Split Medical-Surgical? | allnurses

Split Medical-Surgical?

  1. 0 I was just wondering how many people work on a Medical-Surgical floor that split up medical and surgery patients? Where I went to nursing school, the whole 3rd floor was called Medical-Surgical but one side only had medical and the other side only had surgical each with their own nurses' station and set of staff. If you were assigned in Surgical, you only saw surgical patients. I loved Surgical and seeing surgery patients because it always seemed so neat/clean/orderly. Where I work now it's all thrown together and you always have to worry about accidentally putting a "dirty" medical patient with a surgery patient
  2. Visit  luckynurse_1234 profile page

    About luckynurse_1234

    luckynurse_1234 has '3.5' year(s) of experience. Joined Feb '09; Posts: 61; Likes: 63.

    10 Comments so far...

  3. Visit  BluegrassRN profile page
    I work on a medical unit. Our surgical and medical units are completely split; they are on different floors, with different directors and staff.

    I love it. And to me, it really makes sense. The surgical floor is kept "clean" as the dirty pneumonias, cellulitis, etc all come to our floor.

    In the hospitals I know of who do this, the surgical floor is typically a surgical/oncology floor (because of the "clean" issue). The medical floor is somewhat of an extension of the ICU/Stepdown. We're like a continuation of them, of sorts. Basically, we get everyone who isn't surgical or getting any sort of oncology treatment, and who don't need to be in ICU or step down.

    Like I said, I love it.
  4. Visit  classicdame profile page
    ours is combined but we are remodeling and hope to split soon for all the obvious reasons. I do believe the staff will be the same, only the assignments will differ
  5. Visit  tokmom profile page
    I have worked on both kinds. One hospital that split even some of the medical and the one I work now is both medical and surgical.
  6. Visit  Jess_Missouri_RN profile page
    Our floor is combined but clean, we also have a dirty med-surg floor for isolation or pneumonia, etc. We have private rooms for surgical and shared rooms for medical, it all works out but can become confusing at times. We also have private rooms for our bariatrics surgeries and the nurses who are regular on our floor take a combo of patients, floaters do not take our bariatrics as they have specific post-op needs that only the regular staff nurse is accustom to.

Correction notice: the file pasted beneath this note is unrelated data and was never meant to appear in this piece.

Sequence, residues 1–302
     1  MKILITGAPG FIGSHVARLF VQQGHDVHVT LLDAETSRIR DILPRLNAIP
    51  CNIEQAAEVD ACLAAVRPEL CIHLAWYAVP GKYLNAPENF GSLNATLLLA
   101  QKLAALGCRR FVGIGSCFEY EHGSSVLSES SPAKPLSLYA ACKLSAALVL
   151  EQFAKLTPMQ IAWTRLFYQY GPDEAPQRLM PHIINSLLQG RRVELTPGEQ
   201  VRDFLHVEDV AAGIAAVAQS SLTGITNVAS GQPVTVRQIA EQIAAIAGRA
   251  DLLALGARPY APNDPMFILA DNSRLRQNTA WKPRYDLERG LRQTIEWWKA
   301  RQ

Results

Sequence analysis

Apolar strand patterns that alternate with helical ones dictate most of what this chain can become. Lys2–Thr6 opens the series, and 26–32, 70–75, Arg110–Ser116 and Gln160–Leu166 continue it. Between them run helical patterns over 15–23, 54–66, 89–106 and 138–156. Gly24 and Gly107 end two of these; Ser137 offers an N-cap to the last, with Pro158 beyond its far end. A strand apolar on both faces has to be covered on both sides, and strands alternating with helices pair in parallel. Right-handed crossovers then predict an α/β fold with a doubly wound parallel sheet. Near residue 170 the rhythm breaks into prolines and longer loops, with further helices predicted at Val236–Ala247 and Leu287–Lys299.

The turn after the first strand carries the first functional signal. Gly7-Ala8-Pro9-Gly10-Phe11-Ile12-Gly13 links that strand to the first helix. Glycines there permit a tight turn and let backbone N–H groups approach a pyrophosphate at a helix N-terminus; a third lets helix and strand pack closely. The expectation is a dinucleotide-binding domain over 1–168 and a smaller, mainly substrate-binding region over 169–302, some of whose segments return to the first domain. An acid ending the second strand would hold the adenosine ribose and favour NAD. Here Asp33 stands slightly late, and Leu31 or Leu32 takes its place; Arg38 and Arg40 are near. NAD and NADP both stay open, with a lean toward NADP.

nightengalegoddess likes this.
  7. Visit  luckynurse_1234 profile page
    Thanks for your responses everyone! Another question: do you think it would be better for you professionally if you only took care of medical patients or only surgical patients? One of the techs pointed out it seems like it would be better to do one or the other rather than having to be up to speed on every kind of surgery AND all sorts of medical conditions.
  8. Visit  DEgalRN profile page
    We're "technically" split. However on my surgical floor, I regularly have 3 or more medical patients out of 6. However, our medical floor doesn't get any surgical patients (not even a 23 hour stay lap appy that came from their floor!). It's frustrating at the deliberate favoritism that goes on. But, honestly, I like have medical patients too. And a lot of the surgical patients have co-morbidities anyway. If I have to be in a place I don't want to be (I want to work peds, not adults), I may as well get as much info as I can while I'm here.
    nightengalegoddess likes this.
  9. Visit  Hay Nars, RN profile page
    Nope, not split here!
  10. Visit  nightengalegoddess profile page
    Should defintley be split. Who wants to be a healthy lap appy then find they are in a room double occupied with cellutitis. So many MS even have double occupancy.....still!!!! I have seen stupid combos of patients in same room........open appy...with cellulitis!!!! Charge nurse incompetency probably. I believe in single occupancy rooms.....unless we want to go bac, to ward nursing.........and curtains........so I can be there with all 5-7 pts ( or 20)....all my 12 hrs.......I would actually prefer this...but not safe. Yes........post surg should have single occupancy......never know when that second occupier's wound after three days culture turns out to be MRSA, and the other occupant has just had an open appy. or abdo..knee...etc..Hmmm.
  11. Visit  FutureRN_NP profile page
    I will be working in Medical Unit on Med/Surg floor. I was told they split the two so I will not getting surgical pts as they have their own floor.
  12. Visit  DookieMeisterRN profile page
    We have a variety of separate surgical units, ortho, neuro, colorectal/gen abd, colorectal/GI, gyne/uro, cardiac. The thoracic surgeries come to my unit-pulmonary, we have medical pts of course but all our rooms are singles, there's also a lot of in-house transfers that come to us in respiratory distress, and ICU transfers. I wish we had a step down unit... Sigh.
    There's a renal medical, cardiac medical and plain old crazy old people (AKA AMS) medical unit also. Of course the surgical floors do get medical overflow pts but it has never really been an issue with clean vs dirty.

    I've worked on units in other smaller facilities that have med/surg combined in one unit and it's good to have the variety but can also be physically exhausting with the medical pts. Surgical pts I find are less physically draining as they're typically more ambulatory than some 500 lb pt with cellulitis and whose one leg weighs as much as me.
    Last edit by DookieMeisterRN on Mar 21, '12

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